The Songs of Scott Walker review

 

The Songs of Scott Walker (1967-70), [Prom 15, Royal Albert Hall London, Tuesday 25th July 10.15pm, tx. Friday 28th July, 10.00-11.25pm, BBC Four] celebrated Scott Walker’s four plus one solo albums from the late 60s through interpretations by Jarvis Cocker, John Grant, Richard Hawley and Susanne Sundfør.  This review is of Friday night’s broadcast.

In an interview shortly before the concert, Walker urged the performers to ‘make it as new as you can’.  In the event, a largely respectful tone was taken.  Perhaps the clue was in the so called Heritage Orchestra.

Not quite copyists

A copyist approach could be justified as it allowed us to hear for the first time live, material which had hitherto been restricted to vinyl as Scott never promoted Scott 1-4 through concerts and tours in the late 60s.

Karaoke was avoided by allowing the individual tones and textures of the artists to inform and occasionally uplift the songs.  So we had Jarvis Cocker’s husky hesitancy, Richard Hawley’s benevolent burr, John Grant’s faultless efficiency and something altogether idiosyncratic and more interesting from Susanne Sundfør.  On The Amorous Humphrey Plugg, she led the orchestra on the evening’s best performance, stronger than her stripped down On Your Own Again which got all the attention.

Unassailable beauty

Scott 1-4 is virtually unassailable in its beauty which presents a problem for any artist attempting a cover.  How can you better Scott’s Boy Child or It’s Raining Today?  You can’t, but you can show the depths of your appreciation by paying tribute.  I didn’t hear anything on Friday night to challenge the supremacy of the originals.  The interpretations tended towards friendly fare or hushed after-dinner devotions (this was a late night prom).

Nobody could doubt Jarvis Cocker and Richard Hawley’s sincerity but Scott’s classical precision and nuanced delivery were missing – and missed.  It’s these formal qualities of economy and attention to every detail along with the scrupulous thoughtfulness of the orchestration which, on vinyl, lifts already extraordinary material to the greatest heights.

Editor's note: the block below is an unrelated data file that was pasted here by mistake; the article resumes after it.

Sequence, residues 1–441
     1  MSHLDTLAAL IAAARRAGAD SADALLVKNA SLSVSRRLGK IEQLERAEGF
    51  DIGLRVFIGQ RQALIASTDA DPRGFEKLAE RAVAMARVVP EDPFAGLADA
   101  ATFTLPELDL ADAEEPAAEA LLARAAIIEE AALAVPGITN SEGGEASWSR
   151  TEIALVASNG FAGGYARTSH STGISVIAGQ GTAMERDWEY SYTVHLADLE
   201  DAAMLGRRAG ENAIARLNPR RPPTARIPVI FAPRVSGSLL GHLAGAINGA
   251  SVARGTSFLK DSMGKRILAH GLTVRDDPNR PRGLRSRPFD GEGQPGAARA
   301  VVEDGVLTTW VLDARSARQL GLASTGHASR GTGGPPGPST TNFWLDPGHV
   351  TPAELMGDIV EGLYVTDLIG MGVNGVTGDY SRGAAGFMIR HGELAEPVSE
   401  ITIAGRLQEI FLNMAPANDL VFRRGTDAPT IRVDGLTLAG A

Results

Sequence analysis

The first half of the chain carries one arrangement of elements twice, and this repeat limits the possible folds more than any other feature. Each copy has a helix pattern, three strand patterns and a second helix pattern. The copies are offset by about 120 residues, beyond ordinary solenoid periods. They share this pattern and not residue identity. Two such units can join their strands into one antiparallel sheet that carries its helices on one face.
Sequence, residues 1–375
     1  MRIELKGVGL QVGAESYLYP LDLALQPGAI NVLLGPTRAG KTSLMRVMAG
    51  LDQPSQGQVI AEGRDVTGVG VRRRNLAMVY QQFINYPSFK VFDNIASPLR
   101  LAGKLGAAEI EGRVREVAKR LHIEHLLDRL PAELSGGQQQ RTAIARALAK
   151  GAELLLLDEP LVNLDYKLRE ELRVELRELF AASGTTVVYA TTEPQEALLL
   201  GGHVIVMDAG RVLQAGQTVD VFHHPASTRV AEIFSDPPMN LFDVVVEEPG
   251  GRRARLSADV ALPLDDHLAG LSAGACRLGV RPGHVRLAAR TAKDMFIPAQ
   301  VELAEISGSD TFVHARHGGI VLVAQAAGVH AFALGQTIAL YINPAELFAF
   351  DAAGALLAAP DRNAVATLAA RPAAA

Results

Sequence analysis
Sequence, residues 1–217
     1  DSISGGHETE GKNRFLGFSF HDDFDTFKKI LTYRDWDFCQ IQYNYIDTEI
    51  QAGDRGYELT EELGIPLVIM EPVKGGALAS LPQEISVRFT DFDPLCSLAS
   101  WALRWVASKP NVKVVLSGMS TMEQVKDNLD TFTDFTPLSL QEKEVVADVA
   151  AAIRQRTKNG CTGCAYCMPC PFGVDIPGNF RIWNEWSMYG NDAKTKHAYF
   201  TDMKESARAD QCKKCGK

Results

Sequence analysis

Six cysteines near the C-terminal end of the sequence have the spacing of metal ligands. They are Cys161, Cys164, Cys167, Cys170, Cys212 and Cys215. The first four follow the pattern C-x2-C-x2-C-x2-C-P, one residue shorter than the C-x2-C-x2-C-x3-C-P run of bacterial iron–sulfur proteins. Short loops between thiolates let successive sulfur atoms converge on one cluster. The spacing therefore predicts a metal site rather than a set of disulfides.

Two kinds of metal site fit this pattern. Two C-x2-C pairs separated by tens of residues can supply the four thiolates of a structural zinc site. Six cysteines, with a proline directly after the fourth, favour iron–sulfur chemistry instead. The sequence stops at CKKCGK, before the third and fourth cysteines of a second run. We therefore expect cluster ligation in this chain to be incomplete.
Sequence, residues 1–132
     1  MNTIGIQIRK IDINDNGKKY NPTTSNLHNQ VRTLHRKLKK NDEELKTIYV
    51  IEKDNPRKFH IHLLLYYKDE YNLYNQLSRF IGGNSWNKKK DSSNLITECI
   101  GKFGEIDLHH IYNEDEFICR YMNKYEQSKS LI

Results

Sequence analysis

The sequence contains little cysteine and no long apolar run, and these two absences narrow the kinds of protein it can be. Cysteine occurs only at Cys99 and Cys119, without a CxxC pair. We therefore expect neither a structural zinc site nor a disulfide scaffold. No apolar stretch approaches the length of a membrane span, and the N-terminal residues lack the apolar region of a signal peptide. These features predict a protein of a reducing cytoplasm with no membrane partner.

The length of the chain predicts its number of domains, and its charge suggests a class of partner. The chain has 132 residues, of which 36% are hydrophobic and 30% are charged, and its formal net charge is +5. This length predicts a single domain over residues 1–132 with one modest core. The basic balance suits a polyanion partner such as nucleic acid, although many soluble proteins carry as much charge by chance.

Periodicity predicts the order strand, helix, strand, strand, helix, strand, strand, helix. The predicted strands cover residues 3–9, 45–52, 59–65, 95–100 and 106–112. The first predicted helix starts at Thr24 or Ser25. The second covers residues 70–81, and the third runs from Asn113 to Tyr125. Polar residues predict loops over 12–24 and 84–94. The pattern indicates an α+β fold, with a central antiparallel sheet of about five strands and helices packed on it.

Subtle discipline

When you mention Scott 1-4, everyone gushes about lush romanticism but isn’t it the discipline and subtlety of the albums which marks them out?  I’d like to hear a Scott 1-4 selection performed by top, contemporary, classically trained vocalists perhaps accompanied by a chamber ensemble.

This is an approach which might have worked – actively acknowledging the classicism of the source material, its erudition, its refinement.

Compromised poise

On occasions, the Heritage Orchestra under Jules Buckley compromised poise, as if wanting to rush through the songs, not quite allowing them room to fully breathe.  Subtle phrasing, pregnant pauses, an almost imperceptible ebb and flow were flattened slightly.

These interpretations sailed too close to the originals and thereby highlighted their own shortcomings.  ‘Make it as new as you can’ might have meant the cracking whips and pounding meat of Scott’s later works like The Drift and Bish Bosch an approach which, although harder on the ears, would have obliterated comparisons.


The covers:
Jarvis Cocker: Boy Child, Plastic Palace People, The War is Over (Sleepers), Little Things (That Keep Us Together).

Susanne Sundfor: On Your Own Again, Angels of Ashes, The Amorous Humphrey Plugg, Hero of the War.

John Grant: Rosemary, The World’s Strongest Man, Copenhagen, The Seventh Seal.

Richard Hawley: It’s Raining Today, Two Ragged Soldiers, Montague Terrace (in Blue), The Old Man’s Back Again (Dedicated to the Neo-Stalinest Regime).

Singing Together: Archive on Four

Tx 29.11.14. 8.00-9.00pm, BBC Radio 4


 

If traditional songs like ‘Donkey Riding’, ‘Bushes and Briars’ and ‘Tree in the Wood’ ring bells for you, the chances are you might have first heard and sung along to them on BBC Radio for Schools’ Singing Together broadcast for over five decades on Monday mornings at 11am.  Sprightly, rousing and, above all, jolly summed up its approach to singing.

Saturday’s Archive on Four allowed Jarvis Cocker a fascinating trawl through a history of the series prompted by a personal quest to unite his 1974 pupil’s pamhlet with broadcast recordings of the songs.  He does so thanks to a cassette tape in the back of an old school music cupboard.

‘Singing Together’ survived for so long because it was well loved by generations of children.  It fought off BBC bigwigs’ criticisms that it was insufficiently erudite and later adapted, sometimes awkwardly, to schools’ ethnic diversity and the constraints of the national curriculum.  But ultimately, ‘Singing Together’ died because its inherent simplicity was regarded as old fashioned, too straightforward for the demands of a changing world.

As Jarvis says – “Singing always helps” and at the end of the documentary, there’s a chance for you to do just that.
 


Singing Together on BBC iplayer
BBC Magazine feature
Lightstraw – a selection of charming covers to pupils’ pamphlets  from the 60s